I wrote Soulmates after a failed relationship of a similar nature as the protagonists, but also a fictionalizing of deep frustrations from societal anxieties of separateness being masked as connecting technologies. Modern intimacy forever altered by technologies meant to help us connect: cell phones, texting, internet, Skype, online dating, and how they seem to be replacing real interaction, an invisible substitute with a real emotional hits. These emotional “hits” or “highs” from devices alter our body chemistry, create endorphins from feel-good interactions without any of the culpability or time constraints of being face to face. How do we authentically connect within this apparent realm of separation? It has become the norm. My belief is that separation is the worst possible thing that can be inflicted upon a human being; without practice in true partnerships (face to face), we lose intimacy, culpability, responsibility to behave well with others, physicality and touch, and then suddenly find ourselves obsessing over whether or not that text message is coming, or if you're going to get that “like” on your status update. First of all, face-to-face-ism becomes a scarier and scarier option, when the reality is that you can get this emotional hit or high off of just a mere response. Your time is your own, your body can be imperfect, judgement eluded. How do we get back to being alright with ourselves with others when these hits are so readily accessible. A great article about online porn taking over real relationships in ____ has been an enlightening read.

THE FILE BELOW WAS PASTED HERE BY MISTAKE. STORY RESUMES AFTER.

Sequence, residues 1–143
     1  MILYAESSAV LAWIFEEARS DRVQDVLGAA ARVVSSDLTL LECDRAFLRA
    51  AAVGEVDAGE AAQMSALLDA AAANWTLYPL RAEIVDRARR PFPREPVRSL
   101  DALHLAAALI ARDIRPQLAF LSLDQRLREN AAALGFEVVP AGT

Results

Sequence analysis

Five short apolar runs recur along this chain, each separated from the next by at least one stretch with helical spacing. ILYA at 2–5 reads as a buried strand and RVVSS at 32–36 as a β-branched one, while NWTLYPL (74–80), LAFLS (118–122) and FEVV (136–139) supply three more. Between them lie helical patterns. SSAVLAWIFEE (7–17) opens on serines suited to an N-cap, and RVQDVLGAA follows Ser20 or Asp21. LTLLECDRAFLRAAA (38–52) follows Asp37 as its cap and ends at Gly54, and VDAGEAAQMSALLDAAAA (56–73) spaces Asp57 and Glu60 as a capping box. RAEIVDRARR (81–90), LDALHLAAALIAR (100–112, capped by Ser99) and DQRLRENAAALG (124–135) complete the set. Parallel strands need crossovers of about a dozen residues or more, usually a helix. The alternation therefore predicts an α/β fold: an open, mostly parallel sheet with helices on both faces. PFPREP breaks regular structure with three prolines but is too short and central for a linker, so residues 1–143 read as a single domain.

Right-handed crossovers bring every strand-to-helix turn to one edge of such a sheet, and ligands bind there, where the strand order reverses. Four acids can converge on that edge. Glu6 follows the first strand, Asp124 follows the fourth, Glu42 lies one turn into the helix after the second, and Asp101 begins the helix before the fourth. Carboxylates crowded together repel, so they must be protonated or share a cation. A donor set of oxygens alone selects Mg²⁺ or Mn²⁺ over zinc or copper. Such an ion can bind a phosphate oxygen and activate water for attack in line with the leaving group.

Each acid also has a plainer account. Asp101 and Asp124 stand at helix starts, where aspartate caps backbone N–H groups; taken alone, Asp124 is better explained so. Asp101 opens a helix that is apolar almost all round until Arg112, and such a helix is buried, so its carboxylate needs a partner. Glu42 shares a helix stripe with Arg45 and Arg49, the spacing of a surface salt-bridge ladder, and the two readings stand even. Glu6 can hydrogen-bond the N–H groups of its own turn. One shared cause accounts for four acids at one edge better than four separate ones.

It’s a Western Civilization paradigmatic communications technology take over dream come true/real nightmare, where the image of the lone wolf, the entrepreneur and the individual, taken to the kind of extreme that sets the average Joe/Jane up for unrealistic expectations of him/herself within the relational world and potential mental illness and misinterpretations of life. Our protagonist, Josh, of Soulmates, is one of these modern kids with unrealistic expectations of self, while his counter, love interest, older woman Porter, still old enough to remember a time of being physically responsible to a mate, suffers from a generational difference in relating. This paradigm of separations technologies gives us the illusion of feeling connected while alone with our device, engenders and nurtures the technological replacement of lasting human connection.